UCB and Sanofi Partner for Innovation in Immune-Mediated Diseases
News Mar 14, 2014
UCB and Sanofi have entered into a scientific and strategic collaboration for the discovery and development of innovative anti-inflammatory small molecules which have the potential to treat a wide range of immune-mediated diseases in areas such as gastroenterology and arthritis.
“We partner Sanofi’s significant expertise, strong capabilities and resources with UCB’s cutting-edge research skills and breakthrough innovations. Together we can maximize the opportunity to treat diseases currently treated by biologic agents with small molecules and thus benefit millions of people suffering from severe diseases,” commented Ismail Kola, President UCB NewMedicines.
“Immune-mediated diseases affect individuals, families, and communities and impact the economies of countries and nations, making this poorly understood category of diseases a significant public health burden,” said Dr. Elias Zerhouni, President, Global R&D at Sanofi. “Joining efforts with UCB, we will address a scientific challenge in immunology, and increase the chances of accelerating the discovery and development of future therapies.”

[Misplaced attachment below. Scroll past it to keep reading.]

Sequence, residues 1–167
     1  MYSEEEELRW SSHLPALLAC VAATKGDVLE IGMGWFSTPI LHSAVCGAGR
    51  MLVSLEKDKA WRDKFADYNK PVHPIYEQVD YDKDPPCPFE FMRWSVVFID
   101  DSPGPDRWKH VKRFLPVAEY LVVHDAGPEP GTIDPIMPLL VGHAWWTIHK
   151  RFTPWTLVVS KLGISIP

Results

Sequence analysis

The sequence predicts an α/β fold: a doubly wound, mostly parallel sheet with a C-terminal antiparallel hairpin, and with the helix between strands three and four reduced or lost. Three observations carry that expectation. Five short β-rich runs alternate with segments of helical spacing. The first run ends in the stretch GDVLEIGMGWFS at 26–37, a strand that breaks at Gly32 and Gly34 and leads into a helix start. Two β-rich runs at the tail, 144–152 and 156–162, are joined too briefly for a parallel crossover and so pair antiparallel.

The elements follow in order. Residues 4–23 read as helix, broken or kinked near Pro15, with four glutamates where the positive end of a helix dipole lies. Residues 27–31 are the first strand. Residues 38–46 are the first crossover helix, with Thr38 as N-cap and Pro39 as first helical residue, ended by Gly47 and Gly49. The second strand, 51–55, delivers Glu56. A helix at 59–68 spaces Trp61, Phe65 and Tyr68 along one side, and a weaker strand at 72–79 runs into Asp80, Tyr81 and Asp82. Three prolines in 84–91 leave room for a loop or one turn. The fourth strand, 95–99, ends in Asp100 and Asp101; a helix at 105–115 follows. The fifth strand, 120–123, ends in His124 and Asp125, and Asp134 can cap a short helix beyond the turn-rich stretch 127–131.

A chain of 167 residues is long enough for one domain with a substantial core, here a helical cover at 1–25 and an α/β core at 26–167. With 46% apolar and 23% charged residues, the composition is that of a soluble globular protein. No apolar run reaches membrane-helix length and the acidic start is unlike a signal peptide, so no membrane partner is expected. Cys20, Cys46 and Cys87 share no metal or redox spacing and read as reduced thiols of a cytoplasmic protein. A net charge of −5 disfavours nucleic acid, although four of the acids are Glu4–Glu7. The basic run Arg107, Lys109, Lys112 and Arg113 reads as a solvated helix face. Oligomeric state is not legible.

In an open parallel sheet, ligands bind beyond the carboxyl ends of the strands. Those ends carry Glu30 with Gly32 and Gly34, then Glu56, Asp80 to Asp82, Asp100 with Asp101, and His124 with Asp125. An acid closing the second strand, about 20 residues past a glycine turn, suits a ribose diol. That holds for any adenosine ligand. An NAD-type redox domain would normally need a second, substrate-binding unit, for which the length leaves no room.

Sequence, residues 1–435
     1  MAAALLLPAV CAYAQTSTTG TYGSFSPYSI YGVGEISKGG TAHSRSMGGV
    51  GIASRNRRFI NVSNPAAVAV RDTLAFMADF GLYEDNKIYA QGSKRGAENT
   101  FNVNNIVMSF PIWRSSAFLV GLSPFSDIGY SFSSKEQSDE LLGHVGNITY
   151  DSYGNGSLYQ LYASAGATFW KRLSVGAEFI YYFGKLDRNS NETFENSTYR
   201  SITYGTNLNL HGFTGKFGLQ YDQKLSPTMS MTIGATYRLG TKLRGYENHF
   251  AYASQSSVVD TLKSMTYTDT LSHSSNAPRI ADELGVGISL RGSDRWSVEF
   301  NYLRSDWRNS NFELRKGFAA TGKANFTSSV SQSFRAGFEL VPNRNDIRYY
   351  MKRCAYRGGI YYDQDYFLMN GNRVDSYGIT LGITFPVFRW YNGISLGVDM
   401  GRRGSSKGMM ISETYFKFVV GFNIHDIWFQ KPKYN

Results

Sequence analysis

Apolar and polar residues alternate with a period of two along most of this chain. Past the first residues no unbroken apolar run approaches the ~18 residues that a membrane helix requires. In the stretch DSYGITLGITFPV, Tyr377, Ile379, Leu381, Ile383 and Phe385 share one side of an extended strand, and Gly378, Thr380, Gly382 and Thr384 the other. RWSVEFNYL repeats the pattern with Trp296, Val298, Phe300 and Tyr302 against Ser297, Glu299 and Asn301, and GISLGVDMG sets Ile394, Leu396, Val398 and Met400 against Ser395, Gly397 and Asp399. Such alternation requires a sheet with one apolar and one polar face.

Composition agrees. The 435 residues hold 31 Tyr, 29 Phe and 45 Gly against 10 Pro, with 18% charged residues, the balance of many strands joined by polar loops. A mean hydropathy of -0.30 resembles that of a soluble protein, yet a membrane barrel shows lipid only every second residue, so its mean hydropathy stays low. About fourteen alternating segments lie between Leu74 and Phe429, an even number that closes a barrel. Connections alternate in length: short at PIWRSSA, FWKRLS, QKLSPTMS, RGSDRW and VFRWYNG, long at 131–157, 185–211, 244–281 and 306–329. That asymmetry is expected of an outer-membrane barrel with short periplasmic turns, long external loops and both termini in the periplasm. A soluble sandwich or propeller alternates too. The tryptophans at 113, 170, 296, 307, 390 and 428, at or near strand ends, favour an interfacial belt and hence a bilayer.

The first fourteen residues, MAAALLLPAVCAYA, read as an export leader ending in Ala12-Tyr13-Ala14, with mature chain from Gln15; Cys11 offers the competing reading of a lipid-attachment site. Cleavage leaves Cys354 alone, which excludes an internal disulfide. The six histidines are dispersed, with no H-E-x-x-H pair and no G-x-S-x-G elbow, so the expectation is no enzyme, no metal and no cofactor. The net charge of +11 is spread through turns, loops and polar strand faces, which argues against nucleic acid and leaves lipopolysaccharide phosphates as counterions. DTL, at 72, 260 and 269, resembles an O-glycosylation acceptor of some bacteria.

UCB NewMedicines, the research arm of UCB, have used an innovative approach to identify small molecules modulators of a biological pathway, for which parenterally administered biologic therapies have proven highly efficacious in patients. A dedicated team of scientists will be formed under the leadership of Sanofi and UCB, and will join forces in a discovery and development based collaboration to characterize and identify new potential therapies.
Under the terms of the agreement, Sanofi and UCB will share costs and profits on a 50/50 basis. UCB will be entitled to initial upfront, preclinical and clinical development milestone payments from Sanofi, potentially exceeding € 100 million.
With machine learning systems now being used to determine everything from stock prices to medical diagnoses, it's never been more important to look at how they arrive at decisions. A new approach out of MIT demonstrates that the main culprit is not just the algorithms themselves, but how the data itself is collected.